City Government

New general manager leads Springfield’s Wildish Theater

Richard E. Wildish Community Theater at 630 Main St. in Springfield. MIKE EYSTER/PHOTO

SPRINGFIELD – The Richard E. Wildish Community Theater Board of Directors have appointed Greg Hopper-Moore to the position of general manager of Springfield’s downtown performing arts center. Hopper-Moore will be responsible for all managerial and community relations aspects of the Wildish Community Theater.

“This is a challenging time for all performing arts venues. However, the future is full of opportunities for those venues that are guided by creativity, enthusiasm, and hard work,” said Dan Egan, Wildish board president. “We believe Greg possesses all of those attributes, and we are anticipating an exciting future for both Greg and the Wildish Theater.”

Greg grew up in Springfield and attended the University of Oregon. He met his wife, Shelli, at the University of Oregon in the 90s, and their two children are alumni at Oregon State University, much to Greg’s chagrin.

After teaching high school French and working in the nonprofit educational sector for over 20 years, Greg found a new passion in the performing arts. He wasn’t eager to join the ranks of actors and singers on stage, however. He chose to be a stage manager. 

“Most people don’t know what a stage manager does,” he said, “but you would know if the stage manager weren’t on the job backstage. Things would start to fall apart.”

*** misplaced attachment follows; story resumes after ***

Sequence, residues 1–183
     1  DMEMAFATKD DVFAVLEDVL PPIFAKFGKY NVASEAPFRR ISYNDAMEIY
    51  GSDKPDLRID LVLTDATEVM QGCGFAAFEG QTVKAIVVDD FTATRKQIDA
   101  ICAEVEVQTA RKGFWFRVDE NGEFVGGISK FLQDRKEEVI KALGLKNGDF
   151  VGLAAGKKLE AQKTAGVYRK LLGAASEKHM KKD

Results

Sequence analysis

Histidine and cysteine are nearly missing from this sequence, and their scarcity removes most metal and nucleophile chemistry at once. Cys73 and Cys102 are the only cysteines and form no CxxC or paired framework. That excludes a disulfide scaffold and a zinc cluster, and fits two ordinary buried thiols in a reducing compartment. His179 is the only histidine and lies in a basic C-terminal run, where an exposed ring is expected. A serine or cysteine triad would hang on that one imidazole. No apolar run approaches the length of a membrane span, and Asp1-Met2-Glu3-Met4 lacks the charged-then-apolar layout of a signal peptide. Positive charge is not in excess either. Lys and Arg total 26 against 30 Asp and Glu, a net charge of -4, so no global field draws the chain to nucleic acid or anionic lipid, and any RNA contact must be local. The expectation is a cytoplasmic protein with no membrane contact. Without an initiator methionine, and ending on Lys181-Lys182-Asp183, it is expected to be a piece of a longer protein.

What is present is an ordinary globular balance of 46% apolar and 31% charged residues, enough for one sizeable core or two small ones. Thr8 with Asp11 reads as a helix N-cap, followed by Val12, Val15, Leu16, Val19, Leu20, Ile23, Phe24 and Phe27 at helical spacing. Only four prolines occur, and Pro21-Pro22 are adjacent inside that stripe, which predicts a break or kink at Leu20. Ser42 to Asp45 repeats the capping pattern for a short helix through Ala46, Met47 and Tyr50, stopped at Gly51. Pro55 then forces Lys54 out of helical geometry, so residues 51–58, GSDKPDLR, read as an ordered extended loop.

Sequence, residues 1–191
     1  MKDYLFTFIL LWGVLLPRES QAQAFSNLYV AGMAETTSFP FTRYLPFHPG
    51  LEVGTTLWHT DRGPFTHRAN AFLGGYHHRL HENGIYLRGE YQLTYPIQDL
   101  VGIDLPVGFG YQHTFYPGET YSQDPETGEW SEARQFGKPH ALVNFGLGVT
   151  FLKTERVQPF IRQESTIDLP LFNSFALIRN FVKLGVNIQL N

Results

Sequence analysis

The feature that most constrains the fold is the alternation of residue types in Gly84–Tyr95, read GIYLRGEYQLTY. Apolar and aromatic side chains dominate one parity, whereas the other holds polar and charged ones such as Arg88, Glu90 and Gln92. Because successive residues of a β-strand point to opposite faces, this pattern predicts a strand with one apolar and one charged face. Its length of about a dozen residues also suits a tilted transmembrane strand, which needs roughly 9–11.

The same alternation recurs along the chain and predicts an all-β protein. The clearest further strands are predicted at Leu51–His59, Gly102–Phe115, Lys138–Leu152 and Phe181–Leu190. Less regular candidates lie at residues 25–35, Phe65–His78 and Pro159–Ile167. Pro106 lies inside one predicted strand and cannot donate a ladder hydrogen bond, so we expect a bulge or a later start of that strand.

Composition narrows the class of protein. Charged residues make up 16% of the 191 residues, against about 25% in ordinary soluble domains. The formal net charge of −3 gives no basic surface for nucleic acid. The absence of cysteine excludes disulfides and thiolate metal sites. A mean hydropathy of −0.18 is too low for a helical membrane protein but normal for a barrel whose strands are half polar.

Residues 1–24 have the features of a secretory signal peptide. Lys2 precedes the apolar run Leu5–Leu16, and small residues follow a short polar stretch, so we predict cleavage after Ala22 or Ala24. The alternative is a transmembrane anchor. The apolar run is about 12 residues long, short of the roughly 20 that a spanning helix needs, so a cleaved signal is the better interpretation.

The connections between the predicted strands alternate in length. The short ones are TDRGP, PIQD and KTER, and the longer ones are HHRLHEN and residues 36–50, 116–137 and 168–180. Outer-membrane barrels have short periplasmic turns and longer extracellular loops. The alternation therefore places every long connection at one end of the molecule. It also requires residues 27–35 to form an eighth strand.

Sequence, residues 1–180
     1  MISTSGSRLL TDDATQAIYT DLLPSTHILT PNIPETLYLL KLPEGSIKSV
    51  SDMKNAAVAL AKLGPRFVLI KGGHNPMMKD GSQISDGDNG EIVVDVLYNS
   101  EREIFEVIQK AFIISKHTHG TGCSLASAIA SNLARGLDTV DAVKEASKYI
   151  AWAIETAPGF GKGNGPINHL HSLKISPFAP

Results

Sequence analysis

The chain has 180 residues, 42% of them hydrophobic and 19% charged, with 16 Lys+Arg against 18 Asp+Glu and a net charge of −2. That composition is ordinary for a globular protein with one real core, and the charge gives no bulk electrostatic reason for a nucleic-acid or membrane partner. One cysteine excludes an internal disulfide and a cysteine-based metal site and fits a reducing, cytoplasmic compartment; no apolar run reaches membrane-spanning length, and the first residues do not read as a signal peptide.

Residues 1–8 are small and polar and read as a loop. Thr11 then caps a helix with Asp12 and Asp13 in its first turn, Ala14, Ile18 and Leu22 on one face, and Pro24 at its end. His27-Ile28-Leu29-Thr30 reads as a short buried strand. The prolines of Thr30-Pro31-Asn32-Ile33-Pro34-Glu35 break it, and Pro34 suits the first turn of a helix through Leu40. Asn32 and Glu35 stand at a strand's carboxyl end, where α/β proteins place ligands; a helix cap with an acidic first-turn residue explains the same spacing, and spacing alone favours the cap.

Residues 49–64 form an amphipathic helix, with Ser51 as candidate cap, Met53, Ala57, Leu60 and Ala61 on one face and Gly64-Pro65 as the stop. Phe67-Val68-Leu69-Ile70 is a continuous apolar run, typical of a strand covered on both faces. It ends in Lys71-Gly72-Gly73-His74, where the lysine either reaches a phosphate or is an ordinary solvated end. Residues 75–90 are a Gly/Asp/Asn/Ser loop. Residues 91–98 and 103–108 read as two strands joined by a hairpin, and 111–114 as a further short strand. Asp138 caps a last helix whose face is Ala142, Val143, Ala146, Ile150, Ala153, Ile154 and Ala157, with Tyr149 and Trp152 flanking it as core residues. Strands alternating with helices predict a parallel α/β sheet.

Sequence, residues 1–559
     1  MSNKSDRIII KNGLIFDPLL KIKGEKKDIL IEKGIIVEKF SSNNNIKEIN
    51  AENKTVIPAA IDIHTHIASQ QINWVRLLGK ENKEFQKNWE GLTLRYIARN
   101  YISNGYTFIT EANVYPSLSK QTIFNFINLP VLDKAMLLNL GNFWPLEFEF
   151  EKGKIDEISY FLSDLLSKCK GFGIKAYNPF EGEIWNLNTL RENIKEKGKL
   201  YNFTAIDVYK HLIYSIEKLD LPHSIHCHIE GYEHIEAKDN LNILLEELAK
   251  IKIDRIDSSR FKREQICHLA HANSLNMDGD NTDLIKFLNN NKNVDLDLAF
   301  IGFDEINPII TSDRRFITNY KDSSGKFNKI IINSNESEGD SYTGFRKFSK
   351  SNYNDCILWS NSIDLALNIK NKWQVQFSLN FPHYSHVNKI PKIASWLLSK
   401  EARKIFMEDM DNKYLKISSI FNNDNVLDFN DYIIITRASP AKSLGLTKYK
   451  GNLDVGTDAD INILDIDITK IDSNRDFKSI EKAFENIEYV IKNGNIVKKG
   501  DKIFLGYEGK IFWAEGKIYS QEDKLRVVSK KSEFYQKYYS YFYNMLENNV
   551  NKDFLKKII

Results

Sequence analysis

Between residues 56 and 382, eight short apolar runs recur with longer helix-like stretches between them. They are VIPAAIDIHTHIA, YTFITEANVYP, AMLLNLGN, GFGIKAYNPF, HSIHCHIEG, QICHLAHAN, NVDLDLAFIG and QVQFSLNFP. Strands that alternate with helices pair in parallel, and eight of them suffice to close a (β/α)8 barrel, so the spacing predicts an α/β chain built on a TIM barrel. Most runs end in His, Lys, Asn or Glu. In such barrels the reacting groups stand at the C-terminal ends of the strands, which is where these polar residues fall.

Hopper-Moore likens the behind-the-scenes role of the stage manager to the role of a small theater general manager. “There’s nothing glamorous about being a theater manager. The buck really does stop with you. If something goes wrong with the ticketing system, with the lights during a performance, or with the restroom in the lobby, the general manager is on the hook.”

Even with the responsibility, Hopper-Moore is happy to have landed at the Wildish Community Theater. He said he is eager to make a difference, especially after the Wildish stared down a global pandemic. Like most theaters, the Wildish went for over a year without any business. Now, things are starting to come around. For example, weekends in January and February are very busy, he says. “From classical music to dance to musicals, we have a wide variety of events coming up.”

“From first time users, to returning artists, to our wonderful resident companies, thank you for your support as we all work toward open and full theaters, enjoying your shows and talents,” Egan said.

Community feedback suggests that there is a desire to see the Wildish used more often as a community resource. Hopper-Moore invites companies to hold their events at the Wildish. “Looking for a place to get married? he joked. The Wildish could be the venue you are looking for.”



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